In December 2016, Yoga was added to Unesco’s list of intangible cultural heritage, recognised for its positive influence on Indian society and the world at large. In a tweet, Unesco said “Designed to help individuals build self-realisation, ease any suffering they may be experiencing and allow for a state of liberation, [yoga] is practised by the young and old without discriminating against gender, class or religion.” Celebrated as “an ancient practice”, yoga gained unanimous support from all 24 member states of the panel, which included Cuba, Turkey, Afghanistan, Korea and Palestine. Yoga’s power to unite such diverse members of the international community speaks volumes about its borderless contribution to world culture.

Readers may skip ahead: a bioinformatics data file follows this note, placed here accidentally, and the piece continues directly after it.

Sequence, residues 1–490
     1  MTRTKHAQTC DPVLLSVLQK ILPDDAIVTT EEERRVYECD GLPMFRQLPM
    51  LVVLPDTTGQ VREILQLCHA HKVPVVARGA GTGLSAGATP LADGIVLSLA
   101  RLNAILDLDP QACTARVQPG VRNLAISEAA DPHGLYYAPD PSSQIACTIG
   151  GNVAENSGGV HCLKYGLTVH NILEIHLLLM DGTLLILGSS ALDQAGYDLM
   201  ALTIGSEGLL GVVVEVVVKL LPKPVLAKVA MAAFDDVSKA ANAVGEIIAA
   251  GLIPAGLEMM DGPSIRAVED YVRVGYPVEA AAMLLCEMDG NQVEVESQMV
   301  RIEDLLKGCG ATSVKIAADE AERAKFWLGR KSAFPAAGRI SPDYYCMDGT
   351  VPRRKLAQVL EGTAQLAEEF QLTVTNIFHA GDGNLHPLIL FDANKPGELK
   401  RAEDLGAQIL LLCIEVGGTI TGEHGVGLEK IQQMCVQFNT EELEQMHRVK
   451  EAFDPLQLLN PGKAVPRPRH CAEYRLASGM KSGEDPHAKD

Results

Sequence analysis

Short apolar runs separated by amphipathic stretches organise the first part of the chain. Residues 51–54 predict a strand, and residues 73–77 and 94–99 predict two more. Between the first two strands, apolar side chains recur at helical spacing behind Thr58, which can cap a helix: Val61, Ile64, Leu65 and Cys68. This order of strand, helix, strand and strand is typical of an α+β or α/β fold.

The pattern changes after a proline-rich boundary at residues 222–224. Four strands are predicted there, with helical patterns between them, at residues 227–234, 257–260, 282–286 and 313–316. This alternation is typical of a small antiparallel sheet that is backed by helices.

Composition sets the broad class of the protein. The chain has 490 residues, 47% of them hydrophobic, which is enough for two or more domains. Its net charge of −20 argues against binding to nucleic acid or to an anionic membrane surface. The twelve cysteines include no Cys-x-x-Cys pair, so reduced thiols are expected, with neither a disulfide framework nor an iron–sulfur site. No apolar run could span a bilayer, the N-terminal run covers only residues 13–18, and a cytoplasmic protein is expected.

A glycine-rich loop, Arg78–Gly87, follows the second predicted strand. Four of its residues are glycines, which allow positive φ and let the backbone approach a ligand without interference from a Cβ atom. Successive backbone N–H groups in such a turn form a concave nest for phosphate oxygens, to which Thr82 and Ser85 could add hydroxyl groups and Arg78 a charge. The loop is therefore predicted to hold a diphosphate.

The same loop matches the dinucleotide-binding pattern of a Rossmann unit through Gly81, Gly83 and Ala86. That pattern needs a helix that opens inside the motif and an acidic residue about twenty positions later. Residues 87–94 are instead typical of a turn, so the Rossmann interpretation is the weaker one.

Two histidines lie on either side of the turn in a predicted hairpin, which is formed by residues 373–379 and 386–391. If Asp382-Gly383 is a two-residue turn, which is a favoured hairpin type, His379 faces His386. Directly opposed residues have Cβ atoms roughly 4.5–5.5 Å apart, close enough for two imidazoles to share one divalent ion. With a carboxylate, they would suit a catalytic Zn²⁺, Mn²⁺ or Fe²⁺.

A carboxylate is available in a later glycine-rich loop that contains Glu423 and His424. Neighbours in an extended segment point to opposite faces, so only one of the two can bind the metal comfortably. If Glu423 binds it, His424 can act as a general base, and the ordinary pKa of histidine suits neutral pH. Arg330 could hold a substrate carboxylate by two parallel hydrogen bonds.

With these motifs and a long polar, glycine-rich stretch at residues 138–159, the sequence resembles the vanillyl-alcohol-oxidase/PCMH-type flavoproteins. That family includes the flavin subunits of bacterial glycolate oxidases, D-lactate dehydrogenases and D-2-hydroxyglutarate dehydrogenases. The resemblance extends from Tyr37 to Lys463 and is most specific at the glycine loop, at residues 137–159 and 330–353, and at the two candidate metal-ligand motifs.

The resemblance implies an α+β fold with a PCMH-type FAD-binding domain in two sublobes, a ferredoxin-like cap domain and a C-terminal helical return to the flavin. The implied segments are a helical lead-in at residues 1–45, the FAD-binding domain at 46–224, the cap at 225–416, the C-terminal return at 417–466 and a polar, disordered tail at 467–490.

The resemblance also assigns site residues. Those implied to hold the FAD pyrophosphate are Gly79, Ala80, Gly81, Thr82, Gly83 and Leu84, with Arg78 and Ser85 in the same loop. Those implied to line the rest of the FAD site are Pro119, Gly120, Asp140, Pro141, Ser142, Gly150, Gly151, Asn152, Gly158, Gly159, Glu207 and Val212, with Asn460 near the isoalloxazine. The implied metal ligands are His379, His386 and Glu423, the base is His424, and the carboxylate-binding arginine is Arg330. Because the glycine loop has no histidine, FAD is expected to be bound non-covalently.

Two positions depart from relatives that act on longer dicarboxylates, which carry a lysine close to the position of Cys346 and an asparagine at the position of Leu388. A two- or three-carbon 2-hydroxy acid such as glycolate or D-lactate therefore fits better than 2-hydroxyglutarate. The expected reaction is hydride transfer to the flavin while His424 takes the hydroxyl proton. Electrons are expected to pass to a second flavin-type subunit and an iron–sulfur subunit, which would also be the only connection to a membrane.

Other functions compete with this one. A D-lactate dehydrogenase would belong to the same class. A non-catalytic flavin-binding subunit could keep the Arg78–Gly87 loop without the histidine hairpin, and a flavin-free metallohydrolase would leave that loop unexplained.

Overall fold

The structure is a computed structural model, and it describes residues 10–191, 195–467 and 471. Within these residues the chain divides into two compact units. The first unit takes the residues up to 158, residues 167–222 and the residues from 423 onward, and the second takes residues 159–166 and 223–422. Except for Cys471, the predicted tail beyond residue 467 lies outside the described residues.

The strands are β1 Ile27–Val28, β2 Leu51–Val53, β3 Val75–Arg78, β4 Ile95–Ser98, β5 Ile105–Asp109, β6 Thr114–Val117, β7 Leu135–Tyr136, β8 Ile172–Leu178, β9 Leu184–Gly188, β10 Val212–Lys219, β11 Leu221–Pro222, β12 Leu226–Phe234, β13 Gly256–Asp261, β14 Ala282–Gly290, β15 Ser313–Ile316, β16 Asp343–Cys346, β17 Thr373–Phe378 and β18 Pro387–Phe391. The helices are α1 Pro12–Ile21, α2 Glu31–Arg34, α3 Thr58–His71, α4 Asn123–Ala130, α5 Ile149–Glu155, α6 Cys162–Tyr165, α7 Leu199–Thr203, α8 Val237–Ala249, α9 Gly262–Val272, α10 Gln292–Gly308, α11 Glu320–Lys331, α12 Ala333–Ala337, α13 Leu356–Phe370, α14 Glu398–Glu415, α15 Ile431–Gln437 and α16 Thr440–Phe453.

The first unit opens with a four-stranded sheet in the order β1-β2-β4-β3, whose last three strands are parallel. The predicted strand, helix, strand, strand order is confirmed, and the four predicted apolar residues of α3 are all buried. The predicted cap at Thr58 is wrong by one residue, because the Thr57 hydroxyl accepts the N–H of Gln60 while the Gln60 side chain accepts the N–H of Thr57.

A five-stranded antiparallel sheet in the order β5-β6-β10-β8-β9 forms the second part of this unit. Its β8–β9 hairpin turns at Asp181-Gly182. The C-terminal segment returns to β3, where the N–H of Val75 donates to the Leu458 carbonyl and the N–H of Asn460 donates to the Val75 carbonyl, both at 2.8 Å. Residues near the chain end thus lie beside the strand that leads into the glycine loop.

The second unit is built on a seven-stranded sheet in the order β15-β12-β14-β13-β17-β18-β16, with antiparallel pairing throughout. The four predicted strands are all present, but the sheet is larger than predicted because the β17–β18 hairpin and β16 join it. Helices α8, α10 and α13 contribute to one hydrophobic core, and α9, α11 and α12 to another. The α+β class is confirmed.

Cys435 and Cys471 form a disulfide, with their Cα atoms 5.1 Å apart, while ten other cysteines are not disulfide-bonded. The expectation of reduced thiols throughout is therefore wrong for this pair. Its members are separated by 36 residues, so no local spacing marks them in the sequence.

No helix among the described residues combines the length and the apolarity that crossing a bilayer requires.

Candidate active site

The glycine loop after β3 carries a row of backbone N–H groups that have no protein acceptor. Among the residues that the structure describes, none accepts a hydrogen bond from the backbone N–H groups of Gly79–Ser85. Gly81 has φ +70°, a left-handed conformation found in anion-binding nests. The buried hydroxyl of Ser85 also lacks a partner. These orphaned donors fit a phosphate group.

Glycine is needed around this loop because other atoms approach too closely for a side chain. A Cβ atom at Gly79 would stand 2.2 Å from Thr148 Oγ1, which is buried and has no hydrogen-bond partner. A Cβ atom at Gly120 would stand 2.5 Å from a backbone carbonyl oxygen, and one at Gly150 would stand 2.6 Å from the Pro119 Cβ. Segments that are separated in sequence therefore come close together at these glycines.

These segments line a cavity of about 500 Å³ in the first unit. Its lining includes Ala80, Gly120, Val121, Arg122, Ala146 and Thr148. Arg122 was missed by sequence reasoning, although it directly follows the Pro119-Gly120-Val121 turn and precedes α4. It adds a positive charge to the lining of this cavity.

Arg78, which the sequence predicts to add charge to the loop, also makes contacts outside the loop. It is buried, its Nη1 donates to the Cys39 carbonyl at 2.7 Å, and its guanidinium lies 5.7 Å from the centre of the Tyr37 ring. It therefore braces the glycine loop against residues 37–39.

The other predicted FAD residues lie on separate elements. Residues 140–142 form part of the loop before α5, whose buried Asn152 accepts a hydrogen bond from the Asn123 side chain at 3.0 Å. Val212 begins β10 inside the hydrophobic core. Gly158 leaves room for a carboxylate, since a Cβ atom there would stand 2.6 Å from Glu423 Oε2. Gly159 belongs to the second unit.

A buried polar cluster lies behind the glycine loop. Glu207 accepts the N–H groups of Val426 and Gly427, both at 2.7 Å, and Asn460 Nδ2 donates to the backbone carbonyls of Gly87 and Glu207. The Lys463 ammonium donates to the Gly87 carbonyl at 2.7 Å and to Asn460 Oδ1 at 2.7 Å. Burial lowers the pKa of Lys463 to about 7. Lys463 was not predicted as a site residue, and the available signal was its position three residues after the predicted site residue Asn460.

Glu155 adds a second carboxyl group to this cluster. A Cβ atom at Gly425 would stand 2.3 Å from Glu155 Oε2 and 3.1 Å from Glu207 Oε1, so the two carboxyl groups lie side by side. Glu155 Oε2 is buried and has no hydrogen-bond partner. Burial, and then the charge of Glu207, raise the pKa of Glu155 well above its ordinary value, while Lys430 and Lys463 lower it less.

The Union Culture Minister Mahesh Sharma described this as “a major triumph for India” after the announcement, which highlighted Yoga’s benefits to diverse fields, ranging from health and medicine, to education and the arts, was recognised by the committee, which originally drew up its list of intangible cultural treasures 10 years ago. It joins other such gems as Cuba’s rumba, Peruvian scissors dance, and Belgium’s beer culture.
Read the full story at The Guardian UK, and at Indian Express.